I personally think semi-retirement, second act, encore careers or whatever you want to call it, are underrated. It certainly has been useful to me. I am consulting part-time since “retiring” and taking a severance package from my employer 4 years ago at 62. My wife also retired early at 57 because she was burnt out at her job which was going through a reduction-in-force and challenging work environment. She loves being retired. I do a mix of remote work and occasional travel to work sites. My wife travels with me most of the time when I travel for work and we almost always find a way to tack on something fun to see and do. When I work at home, we have a home life routine if we are not doing personal travel. The extra income has protected our retirement accounts and savings and allowed us to increase our planned spending on personal travel. And the work has been satisfying for me, doing what I enjoy, giving back and staying engaged.
Just 65, Richard? Makes me feel good to be in the company of young folks😃
There are so many variables it’s nearly impossible to find the actual average retirement age, income, race even location matter. College or no college matters too. Non-college, lower income, non-white tend to retire early – because of health, but also have the lowest amount of retirement savings.
I introduced phased retirement at my employer and was one of the first to use it back in 2008. I could work no more than 20 hours a week while collecting my pension. What I did during those 20 hours didn’t go as planned and neither did the duration of the phased part. When I was finally forced to give up by a vindictive boss – before the two years – I was three months passed 67.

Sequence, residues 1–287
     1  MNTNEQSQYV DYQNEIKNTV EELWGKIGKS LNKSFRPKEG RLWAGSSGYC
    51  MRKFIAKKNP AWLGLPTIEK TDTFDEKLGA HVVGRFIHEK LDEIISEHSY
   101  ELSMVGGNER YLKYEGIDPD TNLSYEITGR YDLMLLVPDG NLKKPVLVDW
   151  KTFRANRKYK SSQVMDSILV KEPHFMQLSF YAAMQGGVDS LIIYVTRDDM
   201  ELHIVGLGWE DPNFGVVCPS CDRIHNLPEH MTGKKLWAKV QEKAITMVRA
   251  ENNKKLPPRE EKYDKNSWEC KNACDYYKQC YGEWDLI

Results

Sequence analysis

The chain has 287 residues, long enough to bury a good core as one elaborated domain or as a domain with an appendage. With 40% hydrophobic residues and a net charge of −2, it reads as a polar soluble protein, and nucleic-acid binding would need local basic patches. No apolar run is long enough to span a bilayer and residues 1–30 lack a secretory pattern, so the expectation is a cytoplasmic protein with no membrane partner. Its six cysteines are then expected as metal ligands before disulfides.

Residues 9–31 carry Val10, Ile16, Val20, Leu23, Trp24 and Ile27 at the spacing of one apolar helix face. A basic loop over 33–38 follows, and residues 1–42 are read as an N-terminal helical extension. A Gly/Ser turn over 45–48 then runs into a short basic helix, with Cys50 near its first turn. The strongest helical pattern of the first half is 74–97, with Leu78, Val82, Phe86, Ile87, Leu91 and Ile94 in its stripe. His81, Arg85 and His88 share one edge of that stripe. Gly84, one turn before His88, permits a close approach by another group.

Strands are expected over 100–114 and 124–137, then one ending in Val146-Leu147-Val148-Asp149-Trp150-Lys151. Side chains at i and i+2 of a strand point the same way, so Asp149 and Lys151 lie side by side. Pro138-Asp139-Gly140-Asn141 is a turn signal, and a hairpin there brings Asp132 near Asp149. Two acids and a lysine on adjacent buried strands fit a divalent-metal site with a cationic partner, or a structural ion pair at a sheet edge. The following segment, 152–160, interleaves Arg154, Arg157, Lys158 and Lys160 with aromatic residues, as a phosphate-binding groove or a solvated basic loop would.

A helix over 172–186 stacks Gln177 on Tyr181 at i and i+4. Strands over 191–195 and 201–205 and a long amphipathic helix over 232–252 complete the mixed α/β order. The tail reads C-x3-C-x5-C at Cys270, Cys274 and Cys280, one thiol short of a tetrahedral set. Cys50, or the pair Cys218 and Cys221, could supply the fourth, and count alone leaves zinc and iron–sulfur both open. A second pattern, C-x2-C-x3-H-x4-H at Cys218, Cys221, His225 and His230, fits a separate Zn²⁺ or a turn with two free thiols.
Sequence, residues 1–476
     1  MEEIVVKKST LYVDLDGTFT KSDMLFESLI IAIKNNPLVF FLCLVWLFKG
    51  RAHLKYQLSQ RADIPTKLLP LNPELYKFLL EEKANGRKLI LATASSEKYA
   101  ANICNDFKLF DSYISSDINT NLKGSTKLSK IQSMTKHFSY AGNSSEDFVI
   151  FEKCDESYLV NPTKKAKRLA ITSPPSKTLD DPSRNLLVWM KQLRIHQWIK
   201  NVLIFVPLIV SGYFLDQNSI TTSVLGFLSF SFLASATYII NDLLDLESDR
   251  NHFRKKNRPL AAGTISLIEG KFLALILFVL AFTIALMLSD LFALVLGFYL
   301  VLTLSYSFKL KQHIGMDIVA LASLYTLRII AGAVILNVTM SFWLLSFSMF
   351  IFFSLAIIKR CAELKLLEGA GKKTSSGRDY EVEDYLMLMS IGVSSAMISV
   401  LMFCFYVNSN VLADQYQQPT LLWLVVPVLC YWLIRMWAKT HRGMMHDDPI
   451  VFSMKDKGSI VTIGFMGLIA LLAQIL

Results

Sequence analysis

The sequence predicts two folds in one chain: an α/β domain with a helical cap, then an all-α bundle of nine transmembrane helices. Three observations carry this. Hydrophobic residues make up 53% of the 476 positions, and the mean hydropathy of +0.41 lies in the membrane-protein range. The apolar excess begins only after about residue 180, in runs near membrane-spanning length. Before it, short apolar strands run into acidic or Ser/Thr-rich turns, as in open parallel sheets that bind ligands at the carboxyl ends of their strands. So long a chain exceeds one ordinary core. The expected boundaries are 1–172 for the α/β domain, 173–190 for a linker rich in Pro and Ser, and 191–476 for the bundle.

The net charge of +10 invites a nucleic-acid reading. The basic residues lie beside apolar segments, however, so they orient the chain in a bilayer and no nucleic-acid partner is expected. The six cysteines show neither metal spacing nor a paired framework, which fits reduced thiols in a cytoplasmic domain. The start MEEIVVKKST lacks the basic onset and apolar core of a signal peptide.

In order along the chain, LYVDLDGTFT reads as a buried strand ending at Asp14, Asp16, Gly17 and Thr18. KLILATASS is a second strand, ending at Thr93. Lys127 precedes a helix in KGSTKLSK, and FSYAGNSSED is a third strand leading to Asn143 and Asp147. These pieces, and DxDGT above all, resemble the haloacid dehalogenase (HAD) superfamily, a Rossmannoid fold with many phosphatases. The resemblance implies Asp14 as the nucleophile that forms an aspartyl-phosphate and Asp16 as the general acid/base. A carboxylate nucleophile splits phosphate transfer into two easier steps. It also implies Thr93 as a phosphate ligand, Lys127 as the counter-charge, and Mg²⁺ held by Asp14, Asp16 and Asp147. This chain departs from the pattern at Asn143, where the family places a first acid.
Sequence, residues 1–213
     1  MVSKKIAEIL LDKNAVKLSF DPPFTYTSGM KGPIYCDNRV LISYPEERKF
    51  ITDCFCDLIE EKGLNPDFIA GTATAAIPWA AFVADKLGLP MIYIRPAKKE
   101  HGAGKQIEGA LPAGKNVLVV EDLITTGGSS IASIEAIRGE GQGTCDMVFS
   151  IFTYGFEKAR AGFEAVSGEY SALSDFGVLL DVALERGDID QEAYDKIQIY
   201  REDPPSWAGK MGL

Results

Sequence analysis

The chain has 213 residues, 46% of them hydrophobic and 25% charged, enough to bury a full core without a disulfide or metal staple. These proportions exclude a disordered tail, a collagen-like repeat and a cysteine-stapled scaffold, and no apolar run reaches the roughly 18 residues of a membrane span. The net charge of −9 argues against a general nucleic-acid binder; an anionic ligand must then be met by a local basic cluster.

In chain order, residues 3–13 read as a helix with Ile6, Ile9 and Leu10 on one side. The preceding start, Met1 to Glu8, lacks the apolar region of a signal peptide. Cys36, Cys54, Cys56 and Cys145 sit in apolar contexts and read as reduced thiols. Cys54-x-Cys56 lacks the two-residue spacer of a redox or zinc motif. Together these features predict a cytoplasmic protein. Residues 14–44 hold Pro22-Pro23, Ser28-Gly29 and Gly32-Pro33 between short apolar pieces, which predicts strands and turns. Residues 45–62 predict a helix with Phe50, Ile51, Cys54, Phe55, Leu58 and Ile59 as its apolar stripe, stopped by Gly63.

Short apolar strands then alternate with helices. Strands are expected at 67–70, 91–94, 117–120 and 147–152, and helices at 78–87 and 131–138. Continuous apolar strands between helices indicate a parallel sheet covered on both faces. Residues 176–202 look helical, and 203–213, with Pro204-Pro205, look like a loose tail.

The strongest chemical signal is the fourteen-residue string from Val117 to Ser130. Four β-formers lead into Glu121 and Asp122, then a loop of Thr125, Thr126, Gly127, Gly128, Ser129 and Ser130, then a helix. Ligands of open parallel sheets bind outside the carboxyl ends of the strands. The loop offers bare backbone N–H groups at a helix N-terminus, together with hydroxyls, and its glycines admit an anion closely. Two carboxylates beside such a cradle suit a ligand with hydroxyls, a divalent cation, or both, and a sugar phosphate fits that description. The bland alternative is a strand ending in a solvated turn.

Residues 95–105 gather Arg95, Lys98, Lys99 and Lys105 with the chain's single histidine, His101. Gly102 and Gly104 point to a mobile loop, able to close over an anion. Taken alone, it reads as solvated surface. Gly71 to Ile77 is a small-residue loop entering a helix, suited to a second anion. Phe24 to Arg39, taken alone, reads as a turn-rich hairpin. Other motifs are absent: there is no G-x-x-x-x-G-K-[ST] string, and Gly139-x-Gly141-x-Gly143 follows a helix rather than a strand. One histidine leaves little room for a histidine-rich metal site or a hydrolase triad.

I laugh when I read about the retirement expectations of younger generations. Many plan to retire in their fifties, but the data on retirement savings doesn’t support that feasibility – except among government workers where 90% have defined benefit pensions funded by taxpayers who don’t and who struggle to fund their own retirement.
It’s been my experience the people at the top take care of the people at the top. I’ve been at companies where the “leaders” participate in lucrative deferred comp and/or pension schemes while at the same time move the other staff at the company to 401k type plans. The average (state/local government) pension in my state is roughly $20,000/year. I work in the private sector and have been responsible for my 401k account for decades now. There are states that pay, in my opinion, a ridiculous pension % based on their final few year’s compensation, but I don’t begrudge someone earning a $20,000 pension, probably having worked 30+ years in a low paying job to get it. I think more governments will have to move towards a defined contribution plan in the future with a grand-father clause for those somewhere on the years of service scale.
If a company wants a tax benefited, funded pension for execs it must be provided to all, or at least all non union workers. Other deferred comp plans are not secured or guaranteed as are qualified plans. The $20,000 needs to be compared with the average wage and the age most workers take retirement. The total compensation of government workers is higher then the private sector, especially when it comes to health and retirement benefits- based on BLS data.
My previous university job had an awesome phased retirement program for professors. You’d retire, start drawing your pension, and you could also teach up to 50% time (at your final salary, pro-rated) for up to five years. The university benefited because they had the experience and expertise for a few more years, especially in an environment where new replacement hires aren’t necessarily being approved.
I changed jobs at age 48, and my current position does not have this program. I still feel a twinge of regret occasionally, but the new job has other advantages.
Sometimes one is compelled to retire after a traumatic event . The death of a parent one has taken care of for close to a decade.